Tottenham’s Luka Modrić would be sorely missed by Premier League
Sharethematch.com looks at Luka Modrić's touted move to Spain, and why he would be a loss to the Premier League
Modrić will be missed if he leaves Spurs
It seems increasingly likely that Luka Modrić will leave England for Real Madrid and the “Croatian Xavi” will be sorely missed.
Tottenham Hotspur will make a very healthy profit on their record signing – he cost Spurs £16.5m in 2008 – and over his four years in England, he has quietly become, arguably, the best centre midfielder in the Premier League.
It took Modrić a season and a half to emphatically dismiss any accusations that he was too small for the Premier League as he adapted to English football, although he suffered a setback in August 2009, breaking his leg in Tottenham’s 2-1 win against Birmingham City.
However, since then, after being moved from a left-sided position to the centre of midfield as the fulcrum of Spurs, he has blossomed.
His ability to take his first touch away from the nearest defender is marvellous to watch and when on form he can simply glide past players. The Croatian’s range of passing is superb and, particularly, his outside of the foot through-balls are poetry-in-motion.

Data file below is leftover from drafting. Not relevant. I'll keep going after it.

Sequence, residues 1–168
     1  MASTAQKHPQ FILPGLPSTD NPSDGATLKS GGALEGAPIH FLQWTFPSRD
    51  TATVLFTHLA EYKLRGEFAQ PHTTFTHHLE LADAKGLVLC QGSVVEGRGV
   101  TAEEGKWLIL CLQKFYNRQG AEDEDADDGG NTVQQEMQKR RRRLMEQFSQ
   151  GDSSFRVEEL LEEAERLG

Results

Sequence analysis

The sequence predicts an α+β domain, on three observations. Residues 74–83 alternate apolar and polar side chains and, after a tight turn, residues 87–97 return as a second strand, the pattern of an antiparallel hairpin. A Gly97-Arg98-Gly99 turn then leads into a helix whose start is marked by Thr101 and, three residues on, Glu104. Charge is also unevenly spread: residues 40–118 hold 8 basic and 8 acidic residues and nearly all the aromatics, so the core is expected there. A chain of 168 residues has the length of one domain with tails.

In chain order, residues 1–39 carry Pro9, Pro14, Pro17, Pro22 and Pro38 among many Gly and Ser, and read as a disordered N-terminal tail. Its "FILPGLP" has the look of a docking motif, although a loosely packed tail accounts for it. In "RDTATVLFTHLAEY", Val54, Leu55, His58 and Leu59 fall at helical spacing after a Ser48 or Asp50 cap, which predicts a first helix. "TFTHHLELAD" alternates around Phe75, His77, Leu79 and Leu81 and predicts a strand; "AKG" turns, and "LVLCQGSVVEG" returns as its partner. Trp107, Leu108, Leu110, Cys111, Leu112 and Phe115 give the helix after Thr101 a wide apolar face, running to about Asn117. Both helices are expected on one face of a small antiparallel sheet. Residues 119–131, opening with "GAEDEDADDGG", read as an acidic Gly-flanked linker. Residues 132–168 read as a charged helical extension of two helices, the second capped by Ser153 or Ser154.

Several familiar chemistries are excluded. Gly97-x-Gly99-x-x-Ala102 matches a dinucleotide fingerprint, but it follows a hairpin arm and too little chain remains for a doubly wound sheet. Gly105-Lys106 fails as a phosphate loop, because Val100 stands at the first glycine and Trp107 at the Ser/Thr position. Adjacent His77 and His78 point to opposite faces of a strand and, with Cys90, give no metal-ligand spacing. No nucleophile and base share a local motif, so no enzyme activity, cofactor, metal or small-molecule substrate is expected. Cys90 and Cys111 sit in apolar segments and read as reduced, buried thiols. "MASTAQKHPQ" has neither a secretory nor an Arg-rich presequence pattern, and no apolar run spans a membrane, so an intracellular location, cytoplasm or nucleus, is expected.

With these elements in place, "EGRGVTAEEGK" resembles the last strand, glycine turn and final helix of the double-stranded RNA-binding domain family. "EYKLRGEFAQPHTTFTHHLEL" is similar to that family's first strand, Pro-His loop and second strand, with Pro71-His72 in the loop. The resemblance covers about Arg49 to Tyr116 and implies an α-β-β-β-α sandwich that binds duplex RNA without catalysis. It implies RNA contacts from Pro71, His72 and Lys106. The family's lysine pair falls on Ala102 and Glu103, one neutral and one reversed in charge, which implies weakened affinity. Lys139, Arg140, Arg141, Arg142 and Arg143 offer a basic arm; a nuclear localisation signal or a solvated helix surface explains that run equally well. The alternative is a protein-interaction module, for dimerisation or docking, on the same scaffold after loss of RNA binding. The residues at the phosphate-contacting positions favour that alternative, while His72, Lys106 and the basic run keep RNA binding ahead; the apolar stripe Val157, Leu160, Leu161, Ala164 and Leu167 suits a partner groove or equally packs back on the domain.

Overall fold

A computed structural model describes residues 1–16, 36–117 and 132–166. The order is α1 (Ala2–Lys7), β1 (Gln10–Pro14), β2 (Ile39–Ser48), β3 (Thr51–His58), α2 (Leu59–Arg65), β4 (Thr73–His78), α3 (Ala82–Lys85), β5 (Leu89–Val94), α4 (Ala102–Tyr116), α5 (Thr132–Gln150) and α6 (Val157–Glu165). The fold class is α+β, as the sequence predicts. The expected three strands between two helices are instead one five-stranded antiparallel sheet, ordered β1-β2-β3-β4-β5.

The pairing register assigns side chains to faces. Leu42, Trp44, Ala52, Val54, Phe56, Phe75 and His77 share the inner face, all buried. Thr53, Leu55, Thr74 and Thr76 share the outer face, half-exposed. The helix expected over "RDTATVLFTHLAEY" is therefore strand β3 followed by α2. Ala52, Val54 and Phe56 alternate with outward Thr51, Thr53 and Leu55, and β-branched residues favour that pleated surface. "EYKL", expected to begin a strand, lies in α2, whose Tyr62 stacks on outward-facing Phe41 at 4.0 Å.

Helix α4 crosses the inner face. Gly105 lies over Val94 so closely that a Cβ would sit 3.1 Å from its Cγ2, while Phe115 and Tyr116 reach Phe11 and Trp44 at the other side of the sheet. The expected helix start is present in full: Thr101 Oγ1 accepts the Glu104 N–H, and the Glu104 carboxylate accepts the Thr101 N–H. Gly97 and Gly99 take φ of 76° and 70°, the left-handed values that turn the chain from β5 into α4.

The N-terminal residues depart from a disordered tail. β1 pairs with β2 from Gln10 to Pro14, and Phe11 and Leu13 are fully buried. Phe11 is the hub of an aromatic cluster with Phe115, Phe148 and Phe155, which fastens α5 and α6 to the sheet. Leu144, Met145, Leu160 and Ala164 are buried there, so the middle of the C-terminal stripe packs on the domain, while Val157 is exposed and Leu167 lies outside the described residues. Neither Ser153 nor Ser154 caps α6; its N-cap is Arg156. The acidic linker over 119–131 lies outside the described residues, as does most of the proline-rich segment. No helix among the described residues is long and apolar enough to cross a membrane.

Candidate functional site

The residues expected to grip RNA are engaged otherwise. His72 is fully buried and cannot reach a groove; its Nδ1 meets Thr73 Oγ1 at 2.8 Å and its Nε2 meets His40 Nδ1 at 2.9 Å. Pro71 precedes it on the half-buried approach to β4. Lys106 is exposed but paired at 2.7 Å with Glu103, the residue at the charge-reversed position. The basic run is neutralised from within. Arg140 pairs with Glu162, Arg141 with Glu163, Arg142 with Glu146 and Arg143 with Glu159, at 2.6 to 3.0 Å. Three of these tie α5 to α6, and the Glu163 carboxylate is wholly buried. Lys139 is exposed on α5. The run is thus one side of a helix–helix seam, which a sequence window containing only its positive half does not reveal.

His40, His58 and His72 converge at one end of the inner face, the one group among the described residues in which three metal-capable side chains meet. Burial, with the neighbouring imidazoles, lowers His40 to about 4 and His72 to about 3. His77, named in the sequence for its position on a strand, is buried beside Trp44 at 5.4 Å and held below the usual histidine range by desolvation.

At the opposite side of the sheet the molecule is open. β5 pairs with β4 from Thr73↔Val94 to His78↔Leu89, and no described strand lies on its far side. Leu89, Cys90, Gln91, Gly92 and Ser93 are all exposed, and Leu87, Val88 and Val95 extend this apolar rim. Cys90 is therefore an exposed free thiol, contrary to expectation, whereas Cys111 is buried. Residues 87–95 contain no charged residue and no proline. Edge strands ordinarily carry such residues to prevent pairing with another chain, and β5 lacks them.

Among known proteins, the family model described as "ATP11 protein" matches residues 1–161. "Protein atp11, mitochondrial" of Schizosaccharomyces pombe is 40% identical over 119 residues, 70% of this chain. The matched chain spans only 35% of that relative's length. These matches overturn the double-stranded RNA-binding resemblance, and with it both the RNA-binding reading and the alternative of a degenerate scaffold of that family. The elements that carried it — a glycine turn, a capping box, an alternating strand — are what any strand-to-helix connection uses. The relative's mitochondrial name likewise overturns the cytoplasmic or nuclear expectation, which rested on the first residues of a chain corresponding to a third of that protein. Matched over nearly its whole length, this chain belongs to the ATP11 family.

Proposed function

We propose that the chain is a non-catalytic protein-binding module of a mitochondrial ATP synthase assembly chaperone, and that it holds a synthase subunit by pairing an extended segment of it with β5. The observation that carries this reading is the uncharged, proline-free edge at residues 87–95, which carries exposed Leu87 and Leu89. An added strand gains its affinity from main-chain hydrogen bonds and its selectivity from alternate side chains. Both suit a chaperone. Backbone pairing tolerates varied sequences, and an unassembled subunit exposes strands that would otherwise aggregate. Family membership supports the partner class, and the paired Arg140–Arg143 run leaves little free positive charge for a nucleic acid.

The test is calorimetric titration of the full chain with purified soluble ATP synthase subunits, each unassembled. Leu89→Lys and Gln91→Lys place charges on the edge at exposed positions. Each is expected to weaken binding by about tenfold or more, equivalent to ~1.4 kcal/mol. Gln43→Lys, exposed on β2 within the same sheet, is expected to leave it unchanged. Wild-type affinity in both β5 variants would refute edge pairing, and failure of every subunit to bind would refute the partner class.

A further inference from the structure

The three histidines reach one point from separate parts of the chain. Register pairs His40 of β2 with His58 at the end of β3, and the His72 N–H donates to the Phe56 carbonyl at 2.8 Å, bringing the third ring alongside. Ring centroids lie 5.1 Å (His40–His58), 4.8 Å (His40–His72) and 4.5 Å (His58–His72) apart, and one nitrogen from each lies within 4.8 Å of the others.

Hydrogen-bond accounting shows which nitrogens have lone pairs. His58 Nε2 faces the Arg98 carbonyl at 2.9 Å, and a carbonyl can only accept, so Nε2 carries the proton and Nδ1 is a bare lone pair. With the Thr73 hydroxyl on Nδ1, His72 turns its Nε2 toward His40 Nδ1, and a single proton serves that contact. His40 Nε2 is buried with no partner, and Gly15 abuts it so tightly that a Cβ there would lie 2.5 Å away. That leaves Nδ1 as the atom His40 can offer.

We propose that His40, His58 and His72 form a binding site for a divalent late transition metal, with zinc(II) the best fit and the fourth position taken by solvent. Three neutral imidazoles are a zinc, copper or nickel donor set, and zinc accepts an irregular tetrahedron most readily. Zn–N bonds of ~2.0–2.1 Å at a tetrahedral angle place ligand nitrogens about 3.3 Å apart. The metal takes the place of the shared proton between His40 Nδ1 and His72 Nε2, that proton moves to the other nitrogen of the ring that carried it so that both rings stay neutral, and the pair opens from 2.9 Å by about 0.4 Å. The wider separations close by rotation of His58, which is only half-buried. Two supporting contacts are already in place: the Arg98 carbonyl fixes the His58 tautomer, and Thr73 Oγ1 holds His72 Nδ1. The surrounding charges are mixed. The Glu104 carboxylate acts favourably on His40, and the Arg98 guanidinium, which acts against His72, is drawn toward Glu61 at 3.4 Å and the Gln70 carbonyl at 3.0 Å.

A lack of goals is probably his only weakness as he also proved to be capable of putting in the defensive work and showed a shrewd positional sense.
The Premier League will miss Modrić greatly but it is Real Madrid’s gain and he will be a joy to watch in La Liga next season as the 26-year-old creates numerous opportunities for the likes of Cristiano Ronaldo.
Park is a shrewd signing by Hughes
By snapping up Park Ji-Sung for around £2m, Queens Park Rangers might just have completed the signing of the summer.
Park has been a superb servant to Manchester United since arriving from PSV Eindhoven in 2005. Originally a playmaker in the Eredivisie, he remoulded his game into a snappy, tireless midfielder.
In doing so, he made himself one of the first names on Sir Alex Ferguson’s team sheet for the club’s biggest games, culminating in a starting place for the 2011 Champions League final against Barcelona at Wembley.
Finally, as South Korea’s outstanding player over the past decade, Park has garnered a huge following all over Asia, which will now benefit QPR as much as it did United.
At 31, Park is not quite what he was, but he still has plenty left in the tank and to acquire a player with his wealth of top-level experience is a huge coup for Mark Hughes.
All in all it’s a fantastic piece of business and, if more signings follow, the future really will be bright at Loftus Road.
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